Book: Smoke Gets in Your Eyes: And Other Lessons from the Crematory – Author: Caitlin Doughty
Genre: Non-Fiction, Memoir
Description from Goodreads:
Most people want to avoid thinking about death, but Caitlin Doughty—a twenty-something with a degree in medieval history and a flair for the macabre—took a job at a crematory, turning morbid curiosity into her life’s work. Thrown into a profession of gallows humor and vivid characters (both living and very dead), Caitlin learned to navigate the secretive culture of those who care for the deceased.
Smoke Gets in Your Eyes tells an unusual coming-of-age story full of bizarre encounters and unforgettable scenes. Caring for dead bodies of every color, shape, and affliction, Caitlin soon becomes an intrepid explorer in the world of the dead. She describes how she swept ashes from the machines (and sometimes onto her clothes) and reveals the strange history of cremation and undertaking, marveling at bizarre and wonderful funeral practices from different cultures.
Her eye-opening, candid, and often hilarious story is like going on a journey with your bravest friend to the cemetery at midnight. She demystifies death, leading us behind the black curtain of her unique profession. And she answers questions you didn’t know you had: Can you catch a disease from a corpse? How many dead bodies can you fit in a Dodge van? What exactly does a flaming skull look like?
Honest and heartfelt, self-deprecating and ironic, Caitlin’s engaging style makes this otherwise taboo topic both approachable and engrossing. Now a licensed mortician with an alternative funeral practice, Caitlin argues that our fear of dying warps our culture and society, and she calls for better ways of dealing with death (and our dead).
I was a bit hesitant going into this book. I get a little queasy even just thinking about dead things; people, animals, anything dead really. Partially due to the squick factor and partially due to the connotation. But I was assured that the book was really interesting and humorous, so I decided to give it a try.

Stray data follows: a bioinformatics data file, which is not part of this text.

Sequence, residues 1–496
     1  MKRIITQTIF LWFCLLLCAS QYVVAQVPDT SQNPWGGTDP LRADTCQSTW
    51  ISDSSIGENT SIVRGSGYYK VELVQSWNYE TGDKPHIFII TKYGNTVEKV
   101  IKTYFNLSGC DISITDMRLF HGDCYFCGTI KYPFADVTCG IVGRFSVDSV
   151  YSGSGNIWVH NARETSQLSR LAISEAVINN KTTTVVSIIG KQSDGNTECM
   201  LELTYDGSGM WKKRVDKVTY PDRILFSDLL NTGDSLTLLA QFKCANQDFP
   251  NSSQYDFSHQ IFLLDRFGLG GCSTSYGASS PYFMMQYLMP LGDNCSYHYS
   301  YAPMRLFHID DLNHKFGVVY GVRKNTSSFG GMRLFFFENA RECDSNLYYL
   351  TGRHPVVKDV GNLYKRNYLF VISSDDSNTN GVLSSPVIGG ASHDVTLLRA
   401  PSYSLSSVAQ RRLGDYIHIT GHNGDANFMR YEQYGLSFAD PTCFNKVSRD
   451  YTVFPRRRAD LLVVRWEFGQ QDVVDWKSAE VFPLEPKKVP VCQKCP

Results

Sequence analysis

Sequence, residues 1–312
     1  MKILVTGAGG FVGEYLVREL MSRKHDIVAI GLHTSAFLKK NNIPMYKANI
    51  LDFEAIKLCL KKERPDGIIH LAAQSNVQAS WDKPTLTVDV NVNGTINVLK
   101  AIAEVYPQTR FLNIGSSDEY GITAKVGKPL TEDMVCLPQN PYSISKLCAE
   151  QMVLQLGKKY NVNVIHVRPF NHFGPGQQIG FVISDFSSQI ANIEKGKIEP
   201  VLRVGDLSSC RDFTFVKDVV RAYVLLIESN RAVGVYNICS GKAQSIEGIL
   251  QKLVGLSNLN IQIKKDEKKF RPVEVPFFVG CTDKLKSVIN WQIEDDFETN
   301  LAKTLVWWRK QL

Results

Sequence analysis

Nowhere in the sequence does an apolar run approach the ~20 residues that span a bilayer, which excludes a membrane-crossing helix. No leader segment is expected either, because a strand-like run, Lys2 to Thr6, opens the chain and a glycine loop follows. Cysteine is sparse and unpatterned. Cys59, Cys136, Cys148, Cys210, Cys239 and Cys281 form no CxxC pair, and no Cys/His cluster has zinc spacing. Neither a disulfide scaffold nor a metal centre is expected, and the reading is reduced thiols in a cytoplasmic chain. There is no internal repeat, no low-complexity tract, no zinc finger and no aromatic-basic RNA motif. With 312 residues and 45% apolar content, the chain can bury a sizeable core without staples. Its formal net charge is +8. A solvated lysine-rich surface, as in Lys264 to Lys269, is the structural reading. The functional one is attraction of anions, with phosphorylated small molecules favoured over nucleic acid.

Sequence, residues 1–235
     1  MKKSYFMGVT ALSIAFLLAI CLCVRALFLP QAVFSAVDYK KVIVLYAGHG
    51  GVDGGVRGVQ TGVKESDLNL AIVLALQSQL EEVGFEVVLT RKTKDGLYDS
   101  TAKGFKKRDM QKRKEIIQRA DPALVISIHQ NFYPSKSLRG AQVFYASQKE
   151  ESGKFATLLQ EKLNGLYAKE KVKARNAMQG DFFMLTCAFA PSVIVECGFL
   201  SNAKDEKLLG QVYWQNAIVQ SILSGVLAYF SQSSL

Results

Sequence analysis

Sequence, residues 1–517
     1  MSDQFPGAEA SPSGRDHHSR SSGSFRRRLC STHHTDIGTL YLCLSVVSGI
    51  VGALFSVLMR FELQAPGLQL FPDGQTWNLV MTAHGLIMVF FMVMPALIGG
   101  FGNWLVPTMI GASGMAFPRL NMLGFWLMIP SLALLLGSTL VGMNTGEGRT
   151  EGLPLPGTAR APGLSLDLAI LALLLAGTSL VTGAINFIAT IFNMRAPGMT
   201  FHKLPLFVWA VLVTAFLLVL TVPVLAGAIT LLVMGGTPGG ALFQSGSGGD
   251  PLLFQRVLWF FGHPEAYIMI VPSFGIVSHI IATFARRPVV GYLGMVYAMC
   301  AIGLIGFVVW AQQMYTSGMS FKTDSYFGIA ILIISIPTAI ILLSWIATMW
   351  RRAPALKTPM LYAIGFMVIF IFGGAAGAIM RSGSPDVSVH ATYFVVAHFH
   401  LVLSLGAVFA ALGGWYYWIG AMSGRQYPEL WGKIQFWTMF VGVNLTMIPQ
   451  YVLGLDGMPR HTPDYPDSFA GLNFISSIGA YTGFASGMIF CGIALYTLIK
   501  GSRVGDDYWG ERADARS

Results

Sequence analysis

I ended up really enjoying the book. The author was able to put enough spin on the stories that you ended up more thoughtful than upset. And she has a nice, quirky sense of humor, which helps keep the narrative upbeat, even in the darkest portions. If you can make me laugh during a chapter about dead babies, you are doing something right. 😉
It was really interesting having such an in-depth look at a profession that most people shy away from even talking about. Learning about the history of burial practices in America was fascinating; the transition from natural burial to embalming to cremation and back to natural burial. I also liked how she discussed different burial practices without really putting any of them down. It was nice to learn about how other cultures treat death from a (mostly) unbiased perspective.
I would really recommend this book for people who are interested in learning about American burial practices or the funereal profession.
Working Stiff: Two Years, 262 Bodies, and the Making of a Medical Examiner – Judy Melinek, T.J. Mitchell
The American Way of Death – Jessica Mitford